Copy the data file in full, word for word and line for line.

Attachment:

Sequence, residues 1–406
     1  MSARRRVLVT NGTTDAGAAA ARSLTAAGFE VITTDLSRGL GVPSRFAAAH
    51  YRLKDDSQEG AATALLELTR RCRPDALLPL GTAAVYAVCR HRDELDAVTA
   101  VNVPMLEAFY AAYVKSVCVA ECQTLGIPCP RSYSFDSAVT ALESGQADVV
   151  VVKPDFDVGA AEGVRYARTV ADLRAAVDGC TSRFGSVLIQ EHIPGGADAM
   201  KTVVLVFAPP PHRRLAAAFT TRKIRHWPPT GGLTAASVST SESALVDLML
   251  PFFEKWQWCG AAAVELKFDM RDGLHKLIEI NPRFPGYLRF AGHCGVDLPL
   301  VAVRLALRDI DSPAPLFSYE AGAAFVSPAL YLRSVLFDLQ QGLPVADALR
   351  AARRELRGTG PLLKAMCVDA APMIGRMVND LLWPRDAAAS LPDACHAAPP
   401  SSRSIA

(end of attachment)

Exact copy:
Sequence, residues 1–406
     1  MSARRRVLVT NGTTDAGAAA ARSLTAAGFE VITTDLSRGL GVPSRFAAAH
    51  YRLKDDSQEG AATALLELTR RCRPDALLPL GTAAVYAVCR HRDELDAVTA
   101  VNVPMLEAFY AAYVKSVCVA ECQTLGIPCP RSYSFDSAVT ALESGQADVV
   151  VVKPDFDVGA AEGVRYARTV ADLRAAVDGC TSRFGSVLIQ EHIPGGADAM
   201  KTVVLVFAPP PHRRLAAAFT TRKIRHWPPT GGLTAASVST SESALVDLML
   251  PFFEKWQWCG AAAVELKFDM RDGLHKLIEI NPRFPGYLRF AGHCGVDLPL
   301  VAVRLALRDI DSPAPLFSYE AGAAFVSPAL YLRSVLFDLQ QGLPVADALR
   351  AARRELRGTG PLLKAMCVDA APMIGRMVND LLWPRDAAAS LPDACHAAPP
   401  SSRSIA